Anonymous said...

Thank you for this amazing analysis. Could you please also do a similar point-by-point analysis of the Tejasvini? Recently, the Singaporean defense Minister has flown the aircraft and the comments were very positive. That deal should be in the bag. ~ SatishV

Abhiman said...

The genesis of the MRCA lay in the Mirage-2000 jet, which was what IAF wanted post-Kargil. However, with the Mirage lines shutting down, the MRCA metamorphozed into the M-MRCA.

The wasted decade since turned out to be a blessing in disguise for the Tejas, that grew from a mere "LCA" to a fighter whose specs really match those of the Mirage-2000 and Gripen-C. IAF's test pilots themselves have said on record that the Tejas matches the Mirage-000. And any comparison of specs of the Tejas with Gripen-C will tell us that both have the same range-payload specs (expected, since both use the GE-F-404 engine).

If the IAF of 1999-2000 were to see the Tejas Mk.1 TODAY, they would place an order of 126 jets immediately. However, with the MRCA transforming into the Medium Multi-Role aircraft, F-16s, MiG-35s and Gripen-E have come to the mix. Most of these fighters were in the Teas class earlier during the 1990s. But during the early 2000s, they moved from the thrust class of ~90-100 kN to approx ~140 kN thrust.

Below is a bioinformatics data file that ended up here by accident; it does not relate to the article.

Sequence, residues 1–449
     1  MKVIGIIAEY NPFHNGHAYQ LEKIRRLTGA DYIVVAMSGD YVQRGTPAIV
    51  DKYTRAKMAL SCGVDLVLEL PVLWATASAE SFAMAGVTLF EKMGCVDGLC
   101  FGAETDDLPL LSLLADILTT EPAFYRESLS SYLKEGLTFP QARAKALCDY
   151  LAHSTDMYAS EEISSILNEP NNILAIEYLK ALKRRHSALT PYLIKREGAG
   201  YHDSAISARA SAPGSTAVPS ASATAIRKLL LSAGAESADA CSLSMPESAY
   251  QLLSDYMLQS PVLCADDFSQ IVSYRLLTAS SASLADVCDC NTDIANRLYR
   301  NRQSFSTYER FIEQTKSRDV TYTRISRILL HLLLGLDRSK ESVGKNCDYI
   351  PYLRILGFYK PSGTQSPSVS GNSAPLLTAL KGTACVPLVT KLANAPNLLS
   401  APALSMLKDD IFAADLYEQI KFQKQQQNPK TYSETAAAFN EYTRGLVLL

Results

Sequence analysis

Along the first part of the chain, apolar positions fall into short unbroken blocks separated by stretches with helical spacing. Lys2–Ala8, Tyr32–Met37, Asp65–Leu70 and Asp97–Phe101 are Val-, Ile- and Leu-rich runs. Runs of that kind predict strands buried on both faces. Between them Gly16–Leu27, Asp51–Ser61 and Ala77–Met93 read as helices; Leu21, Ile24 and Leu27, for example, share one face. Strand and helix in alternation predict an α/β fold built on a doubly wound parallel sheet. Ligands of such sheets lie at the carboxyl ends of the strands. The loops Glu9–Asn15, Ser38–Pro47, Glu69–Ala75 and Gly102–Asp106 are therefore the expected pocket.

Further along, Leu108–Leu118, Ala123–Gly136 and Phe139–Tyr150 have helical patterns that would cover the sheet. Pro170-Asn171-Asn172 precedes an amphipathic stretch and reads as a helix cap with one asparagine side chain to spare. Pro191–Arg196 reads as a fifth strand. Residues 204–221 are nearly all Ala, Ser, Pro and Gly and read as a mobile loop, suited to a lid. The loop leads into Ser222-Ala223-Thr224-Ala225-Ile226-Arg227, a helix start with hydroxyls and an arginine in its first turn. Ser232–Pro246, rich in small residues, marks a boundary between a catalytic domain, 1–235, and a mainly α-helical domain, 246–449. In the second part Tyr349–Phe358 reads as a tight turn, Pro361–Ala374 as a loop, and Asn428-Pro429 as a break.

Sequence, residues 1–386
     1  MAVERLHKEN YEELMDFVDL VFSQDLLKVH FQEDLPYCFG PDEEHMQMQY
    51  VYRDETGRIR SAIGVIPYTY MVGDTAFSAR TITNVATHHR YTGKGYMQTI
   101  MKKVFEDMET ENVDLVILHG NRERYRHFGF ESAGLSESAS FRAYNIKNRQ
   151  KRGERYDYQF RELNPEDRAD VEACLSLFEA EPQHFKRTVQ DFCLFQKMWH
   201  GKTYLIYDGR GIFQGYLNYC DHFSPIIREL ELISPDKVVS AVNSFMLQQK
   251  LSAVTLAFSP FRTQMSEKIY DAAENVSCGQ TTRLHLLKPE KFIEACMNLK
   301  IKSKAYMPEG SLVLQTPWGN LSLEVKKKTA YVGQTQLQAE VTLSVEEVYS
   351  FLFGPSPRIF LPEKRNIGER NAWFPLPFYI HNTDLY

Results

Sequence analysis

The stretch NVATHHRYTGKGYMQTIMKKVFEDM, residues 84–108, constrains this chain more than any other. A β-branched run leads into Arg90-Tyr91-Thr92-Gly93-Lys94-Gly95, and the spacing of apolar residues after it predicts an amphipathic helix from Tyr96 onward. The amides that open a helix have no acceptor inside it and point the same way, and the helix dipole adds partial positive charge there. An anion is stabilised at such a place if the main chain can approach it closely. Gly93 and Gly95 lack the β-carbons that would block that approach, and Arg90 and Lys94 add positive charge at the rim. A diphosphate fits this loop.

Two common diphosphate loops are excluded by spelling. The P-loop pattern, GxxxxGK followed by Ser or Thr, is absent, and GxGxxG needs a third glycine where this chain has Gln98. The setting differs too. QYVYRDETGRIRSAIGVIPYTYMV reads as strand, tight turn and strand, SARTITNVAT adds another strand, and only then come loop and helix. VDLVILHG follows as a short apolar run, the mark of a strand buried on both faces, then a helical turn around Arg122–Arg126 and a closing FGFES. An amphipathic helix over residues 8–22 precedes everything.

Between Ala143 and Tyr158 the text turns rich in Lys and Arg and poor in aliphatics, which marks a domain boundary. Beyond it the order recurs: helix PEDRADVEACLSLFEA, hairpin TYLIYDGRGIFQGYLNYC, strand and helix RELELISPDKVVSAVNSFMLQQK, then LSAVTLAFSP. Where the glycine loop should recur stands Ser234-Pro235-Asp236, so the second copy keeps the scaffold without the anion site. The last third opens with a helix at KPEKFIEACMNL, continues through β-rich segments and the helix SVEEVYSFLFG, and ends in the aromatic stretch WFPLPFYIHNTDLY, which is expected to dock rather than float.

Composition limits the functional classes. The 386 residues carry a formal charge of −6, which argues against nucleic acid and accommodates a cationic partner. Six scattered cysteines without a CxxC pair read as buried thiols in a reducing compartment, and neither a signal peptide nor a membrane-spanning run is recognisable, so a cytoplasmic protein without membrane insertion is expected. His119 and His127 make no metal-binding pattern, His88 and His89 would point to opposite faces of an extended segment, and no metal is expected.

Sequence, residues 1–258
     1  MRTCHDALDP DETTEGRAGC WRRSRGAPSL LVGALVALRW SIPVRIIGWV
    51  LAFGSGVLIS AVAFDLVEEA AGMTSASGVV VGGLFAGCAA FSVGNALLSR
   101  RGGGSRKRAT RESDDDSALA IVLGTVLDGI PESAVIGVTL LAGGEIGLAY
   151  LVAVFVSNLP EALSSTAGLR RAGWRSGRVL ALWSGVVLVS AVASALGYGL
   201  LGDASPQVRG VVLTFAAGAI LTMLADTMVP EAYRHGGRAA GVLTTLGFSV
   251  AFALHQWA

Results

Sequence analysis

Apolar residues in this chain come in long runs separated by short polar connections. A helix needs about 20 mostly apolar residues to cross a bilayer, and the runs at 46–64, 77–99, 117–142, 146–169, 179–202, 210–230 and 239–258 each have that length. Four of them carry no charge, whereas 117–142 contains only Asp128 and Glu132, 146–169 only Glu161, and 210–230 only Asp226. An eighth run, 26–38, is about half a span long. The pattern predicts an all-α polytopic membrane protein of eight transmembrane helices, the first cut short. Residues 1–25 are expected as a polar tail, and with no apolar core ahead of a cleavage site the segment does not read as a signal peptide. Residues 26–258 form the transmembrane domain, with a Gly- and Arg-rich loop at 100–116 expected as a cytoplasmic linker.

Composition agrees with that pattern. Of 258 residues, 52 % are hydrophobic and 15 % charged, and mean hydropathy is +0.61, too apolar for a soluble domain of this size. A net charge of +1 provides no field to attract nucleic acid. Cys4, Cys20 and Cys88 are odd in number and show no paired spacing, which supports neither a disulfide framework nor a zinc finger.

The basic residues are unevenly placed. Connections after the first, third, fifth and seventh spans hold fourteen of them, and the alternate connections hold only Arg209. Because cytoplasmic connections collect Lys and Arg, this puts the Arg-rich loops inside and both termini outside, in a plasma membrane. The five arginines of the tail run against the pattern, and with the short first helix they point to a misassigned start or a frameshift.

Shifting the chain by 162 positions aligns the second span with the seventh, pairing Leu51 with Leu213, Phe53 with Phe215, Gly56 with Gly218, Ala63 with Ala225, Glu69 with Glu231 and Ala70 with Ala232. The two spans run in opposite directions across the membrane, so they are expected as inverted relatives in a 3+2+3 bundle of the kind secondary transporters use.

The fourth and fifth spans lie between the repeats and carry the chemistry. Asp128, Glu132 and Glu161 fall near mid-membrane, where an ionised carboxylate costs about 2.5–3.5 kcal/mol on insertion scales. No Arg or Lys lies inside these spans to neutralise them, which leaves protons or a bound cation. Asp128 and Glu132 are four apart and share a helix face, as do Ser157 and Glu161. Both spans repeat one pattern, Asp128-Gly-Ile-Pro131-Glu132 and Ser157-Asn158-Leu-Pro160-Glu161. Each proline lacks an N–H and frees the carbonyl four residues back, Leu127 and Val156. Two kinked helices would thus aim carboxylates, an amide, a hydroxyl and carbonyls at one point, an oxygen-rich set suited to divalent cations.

So, F-16 Block C moved from 100 kN of thrust to a massive engine of 150 kN thrust in the F-16 E. The MiG-29 moved from 2x engines with ~50 kN each, to 2x engines of 80 kN thrust. Interestingly, the Tejas' twin, the Gripen-C moved from the GE-F-404 of 90 kN thrust to the GE-F-414 enhanced, that provides ~130 kN of thrust.

But...but...wait ! We also have plans of Tejas Mk.2 that will also feature the GE-F-414 engine ! This will bring it in the league of the Gripen-E, which is being touted for the Single-Engine proposal.

So, instead of buying Gripens or F-16s, the Tejas Mk.2 will meet the single engine requirement of the IAF !!

It is thus very interesting to see the metamorphosis of the Tejas from a so-called "LCA" to a full-fledged medium fighter.